For several years, researchers have used satellites to track changes in the Earth's landscape to monitor such issues as the loss of farm land to residential development, deforestation and water pollution. For the purposes of homeland security, government officials can compare images from the same location over time to detect unusual activity, such as at the site of a remote pipeline.

"It could signal to policy makers where they might be vulnerable and where they should take appropriate actions," Lein explained.

The satellites collect information in a process known as remote sensing, or measuring energy wavelengths such as sunlight reflected off the surface of the Earth. Different land surfaces, such as forests, streams, agricultural fields, reflect different energy patterns. The satellites then transmit the information to a ground station where the data are processed into an image.

The technology also could have potential for the detection of airborne agents, Lein noted. Sensitive satellites can spot the wavelength signatures of gases in the atmosphere, as they can record between 100 to 250 different types of energy wavelengths, compared with other satellites, which pick up between only three and 12 types.

The number of chemical industries and power plants located on the Ohio River makes southeastern Ohio a good test site for the project, Lein said, and preliminary work suggests that the technology could be applied to other areas of the country as well. Lein intends to make the satellite data available to state and local government officials as a resource for security planning and response programs.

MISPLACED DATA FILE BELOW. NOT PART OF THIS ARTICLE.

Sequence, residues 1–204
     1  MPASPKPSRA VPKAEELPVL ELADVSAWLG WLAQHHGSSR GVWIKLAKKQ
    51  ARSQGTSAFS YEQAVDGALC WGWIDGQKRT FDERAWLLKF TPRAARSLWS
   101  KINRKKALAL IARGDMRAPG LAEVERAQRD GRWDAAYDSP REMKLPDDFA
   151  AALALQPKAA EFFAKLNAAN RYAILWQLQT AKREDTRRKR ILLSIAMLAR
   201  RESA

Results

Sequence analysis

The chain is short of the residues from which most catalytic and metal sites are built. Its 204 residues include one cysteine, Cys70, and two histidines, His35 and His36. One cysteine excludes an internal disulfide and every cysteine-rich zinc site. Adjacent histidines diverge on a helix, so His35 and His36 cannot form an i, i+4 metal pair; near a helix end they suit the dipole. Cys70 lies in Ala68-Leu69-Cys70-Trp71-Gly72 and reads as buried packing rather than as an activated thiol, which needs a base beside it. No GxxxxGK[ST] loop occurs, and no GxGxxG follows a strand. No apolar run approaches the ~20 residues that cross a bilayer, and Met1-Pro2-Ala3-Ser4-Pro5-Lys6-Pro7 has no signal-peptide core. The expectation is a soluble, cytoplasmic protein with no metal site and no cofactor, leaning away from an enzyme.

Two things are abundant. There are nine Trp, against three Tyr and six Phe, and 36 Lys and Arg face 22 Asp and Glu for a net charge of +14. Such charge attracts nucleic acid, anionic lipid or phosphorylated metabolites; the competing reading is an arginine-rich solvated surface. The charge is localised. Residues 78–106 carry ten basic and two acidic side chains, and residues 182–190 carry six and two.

Lein has used satellite technology and remote sensing for risk assessment of natural hazards, including identifying homes in the flood plain that could be damaged by floods. The homeland security project, an idea spawned from a discussion with an Ohio policy maker, is a natural outgrowth of the prior work, he said.

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Emergency Personnel Need Better Training

WASHINGTON, DC, September 11, 2002 (ENS) - A new report by the Federation of American Scientists (FAS) finds that emergency personnel need more training to deal with terrorist attacks.